What is passionate motivation? Why do we need passionate motivation?
In The Talent Code, Daniel Coyle says that meaningful practice takes significant time, patience, and effort. He found that this level of commitment requires a special type of motivation called passionate motivation, also known as impassioned motivation.
Continue reading to learn what triggers passionate motivation.
What Is Passionate Motivation?
Coyle describes passionate motivation as the “why” that inspires someone’s long, difficult commitment to building talent: Passion sparks their desire to achieve, and motivation fuels the hard work and perseverance necessary to reach a long-term goal.
(Shortform note: In Grit, Angela Duckworth explains that in the context of personal growth, “passion” isn’t enthusiasm (as many people think), but rather endurance. She argues that it’s less about the intensity of your commitment to your goals and more about the consistency of your commitment.)
Passionate motivation doesn’t appear out of nowhere. Rather, Coyle argues, it builds from the environmental signals you receive throughout your life—messaging about what is “valuable” or what’s expected of you. You pick up on these messages, often subconsciously, and use them to inform who you aspire to be.
Coyle argues that an “aspirational self” built from your environmental signals produces two factors essential for sparking the passion and motivation necessary for you to commit to years of meaningful practice:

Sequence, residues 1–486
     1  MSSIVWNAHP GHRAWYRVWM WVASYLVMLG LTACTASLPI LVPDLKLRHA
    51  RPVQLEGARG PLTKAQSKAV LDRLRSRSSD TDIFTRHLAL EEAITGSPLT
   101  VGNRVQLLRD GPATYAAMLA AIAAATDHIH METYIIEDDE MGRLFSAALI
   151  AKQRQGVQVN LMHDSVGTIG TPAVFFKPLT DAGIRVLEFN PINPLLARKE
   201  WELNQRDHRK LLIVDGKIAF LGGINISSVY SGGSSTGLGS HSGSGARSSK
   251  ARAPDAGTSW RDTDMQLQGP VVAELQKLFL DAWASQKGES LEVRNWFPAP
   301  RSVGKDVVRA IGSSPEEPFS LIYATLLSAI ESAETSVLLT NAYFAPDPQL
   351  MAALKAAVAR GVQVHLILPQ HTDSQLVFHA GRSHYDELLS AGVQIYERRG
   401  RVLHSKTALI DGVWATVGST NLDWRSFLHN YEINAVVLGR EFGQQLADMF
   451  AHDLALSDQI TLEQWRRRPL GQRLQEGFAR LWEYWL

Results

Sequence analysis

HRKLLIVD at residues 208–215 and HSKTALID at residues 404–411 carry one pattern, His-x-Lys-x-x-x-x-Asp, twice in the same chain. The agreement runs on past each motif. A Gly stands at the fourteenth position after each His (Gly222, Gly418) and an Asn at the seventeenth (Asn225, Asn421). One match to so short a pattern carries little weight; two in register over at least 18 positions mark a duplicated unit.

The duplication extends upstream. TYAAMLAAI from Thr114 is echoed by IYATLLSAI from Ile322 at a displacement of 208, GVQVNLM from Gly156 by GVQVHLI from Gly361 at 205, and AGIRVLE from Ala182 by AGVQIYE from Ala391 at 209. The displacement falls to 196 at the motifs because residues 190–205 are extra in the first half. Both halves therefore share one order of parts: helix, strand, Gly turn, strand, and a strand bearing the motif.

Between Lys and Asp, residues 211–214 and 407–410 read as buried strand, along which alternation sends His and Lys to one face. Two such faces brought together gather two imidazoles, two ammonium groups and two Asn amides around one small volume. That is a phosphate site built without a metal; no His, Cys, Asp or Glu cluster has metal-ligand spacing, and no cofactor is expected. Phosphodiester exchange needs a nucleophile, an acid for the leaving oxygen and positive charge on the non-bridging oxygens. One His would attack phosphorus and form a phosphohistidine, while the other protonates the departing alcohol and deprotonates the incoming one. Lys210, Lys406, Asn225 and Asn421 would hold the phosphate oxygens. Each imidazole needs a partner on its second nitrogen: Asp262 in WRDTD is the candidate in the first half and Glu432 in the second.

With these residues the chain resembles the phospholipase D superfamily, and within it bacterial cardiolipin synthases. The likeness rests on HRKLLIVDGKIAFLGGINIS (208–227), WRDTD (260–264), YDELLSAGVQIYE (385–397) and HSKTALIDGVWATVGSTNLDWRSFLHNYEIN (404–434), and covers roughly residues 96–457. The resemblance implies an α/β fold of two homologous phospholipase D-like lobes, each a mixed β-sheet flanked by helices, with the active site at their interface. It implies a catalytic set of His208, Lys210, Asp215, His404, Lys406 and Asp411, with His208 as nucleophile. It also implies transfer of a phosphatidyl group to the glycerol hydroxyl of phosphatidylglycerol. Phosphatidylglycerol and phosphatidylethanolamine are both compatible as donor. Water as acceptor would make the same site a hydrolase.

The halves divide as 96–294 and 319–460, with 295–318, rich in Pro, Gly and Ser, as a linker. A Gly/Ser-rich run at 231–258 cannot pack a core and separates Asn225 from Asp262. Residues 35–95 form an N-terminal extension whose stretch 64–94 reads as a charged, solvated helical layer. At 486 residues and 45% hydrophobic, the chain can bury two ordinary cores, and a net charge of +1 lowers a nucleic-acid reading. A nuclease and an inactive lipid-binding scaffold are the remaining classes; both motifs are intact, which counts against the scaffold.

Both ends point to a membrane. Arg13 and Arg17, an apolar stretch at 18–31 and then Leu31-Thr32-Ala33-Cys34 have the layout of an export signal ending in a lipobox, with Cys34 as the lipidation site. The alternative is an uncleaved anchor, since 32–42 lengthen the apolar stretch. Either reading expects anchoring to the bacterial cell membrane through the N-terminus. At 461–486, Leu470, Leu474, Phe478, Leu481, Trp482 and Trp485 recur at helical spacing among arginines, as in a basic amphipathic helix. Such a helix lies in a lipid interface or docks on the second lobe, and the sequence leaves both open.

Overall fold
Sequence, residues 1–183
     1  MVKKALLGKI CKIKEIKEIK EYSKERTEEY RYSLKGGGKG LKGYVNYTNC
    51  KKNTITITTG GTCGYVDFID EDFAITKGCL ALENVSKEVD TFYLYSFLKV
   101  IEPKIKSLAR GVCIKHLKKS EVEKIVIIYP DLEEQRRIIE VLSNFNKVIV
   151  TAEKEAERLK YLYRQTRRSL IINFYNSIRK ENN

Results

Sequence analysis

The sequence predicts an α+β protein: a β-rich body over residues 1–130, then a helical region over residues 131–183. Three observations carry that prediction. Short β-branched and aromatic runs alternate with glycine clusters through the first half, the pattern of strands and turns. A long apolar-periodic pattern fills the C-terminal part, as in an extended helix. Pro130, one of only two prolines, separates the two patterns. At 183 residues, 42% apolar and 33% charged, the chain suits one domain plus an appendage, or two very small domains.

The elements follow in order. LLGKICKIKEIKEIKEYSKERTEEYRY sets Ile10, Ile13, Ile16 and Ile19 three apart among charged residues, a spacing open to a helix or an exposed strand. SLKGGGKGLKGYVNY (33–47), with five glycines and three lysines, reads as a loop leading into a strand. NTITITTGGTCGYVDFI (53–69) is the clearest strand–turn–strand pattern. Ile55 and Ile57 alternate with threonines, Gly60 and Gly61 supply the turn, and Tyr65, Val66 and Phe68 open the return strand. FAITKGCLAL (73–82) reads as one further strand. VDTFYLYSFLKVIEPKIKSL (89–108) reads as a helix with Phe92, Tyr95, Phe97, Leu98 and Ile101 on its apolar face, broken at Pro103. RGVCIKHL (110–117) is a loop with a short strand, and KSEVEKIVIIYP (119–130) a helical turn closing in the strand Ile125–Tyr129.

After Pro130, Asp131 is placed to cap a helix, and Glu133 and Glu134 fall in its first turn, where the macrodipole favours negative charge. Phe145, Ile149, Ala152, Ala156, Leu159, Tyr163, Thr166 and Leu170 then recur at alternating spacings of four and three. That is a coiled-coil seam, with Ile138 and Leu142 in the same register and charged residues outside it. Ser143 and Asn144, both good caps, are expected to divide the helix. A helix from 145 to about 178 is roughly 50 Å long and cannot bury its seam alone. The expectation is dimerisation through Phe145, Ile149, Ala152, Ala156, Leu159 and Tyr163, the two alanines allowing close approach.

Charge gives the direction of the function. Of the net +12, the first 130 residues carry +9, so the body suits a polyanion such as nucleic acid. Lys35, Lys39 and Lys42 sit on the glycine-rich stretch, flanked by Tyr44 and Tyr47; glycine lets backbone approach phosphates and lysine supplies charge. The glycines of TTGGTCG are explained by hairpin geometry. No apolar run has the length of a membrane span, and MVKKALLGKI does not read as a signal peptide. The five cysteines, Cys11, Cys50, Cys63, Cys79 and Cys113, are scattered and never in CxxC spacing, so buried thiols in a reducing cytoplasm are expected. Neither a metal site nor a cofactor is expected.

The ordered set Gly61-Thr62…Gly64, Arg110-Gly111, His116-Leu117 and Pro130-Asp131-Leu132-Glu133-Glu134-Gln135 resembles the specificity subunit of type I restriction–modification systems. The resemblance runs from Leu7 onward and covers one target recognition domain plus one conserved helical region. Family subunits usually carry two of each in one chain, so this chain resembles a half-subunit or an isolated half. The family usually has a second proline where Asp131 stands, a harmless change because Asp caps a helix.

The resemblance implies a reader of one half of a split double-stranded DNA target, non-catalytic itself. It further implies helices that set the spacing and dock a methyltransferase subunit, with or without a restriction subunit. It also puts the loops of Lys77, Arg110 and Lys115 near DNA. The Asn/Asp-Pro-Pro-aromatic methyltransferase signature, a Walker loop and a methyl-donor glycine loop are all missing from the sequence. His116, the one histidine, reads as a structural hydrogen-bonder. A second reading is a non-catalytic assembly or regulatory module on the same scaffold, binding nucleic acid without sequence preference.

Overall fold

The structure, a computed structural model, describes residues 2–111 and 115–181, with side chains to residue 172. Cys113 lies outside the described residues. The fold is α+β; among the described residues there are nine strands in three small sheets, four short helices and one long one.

- The desire to belong to a valued, high-achieving group: Not only can you belong to this group, but you can also be considered highly valuable if you put in the work to develop your talent.
- The belief that someday you can achieve this belonging: Often, environments that spark impassioned motivation have produced high-achieving members. This sends the signal that—again, with hard work to develop your talent—someone like you can succeed.
(Shortform note: The desire to align with what’s valuable and expected in your society in order to belong to your social group is an innate human need. It enabled our ancestors to survive and has been passed down to us through evolution. This is why the desire to belong to a high-achieving group is so motivating—it’s a hardwired need that touches the very core of who you are and how you relate to others.)
For example, if you’re a soccer player who grew up in an environment that highly values a couple of local players who made it big, you’ll likely have a desire to belong to this valued group. And, because the stars were once playing in the same local leagues you’re in, you know it can happen with hard work and commitment. Likewise, if you studied physics at a school that lauds its Nobel Prize-winning graduates, you’ll internalize a desire to join their ranks.
Does Believing in Yourself Really Matter?
Coyle’s second motivator of belief is just as important as desire to belong. In Outliers, Malcolm Gladwell discusses the way that belief in your abilities can create self-fulfilling prophecies. He explains that children who believe that they’re bad at something will never practice it—therefore, they’ll never improve at it.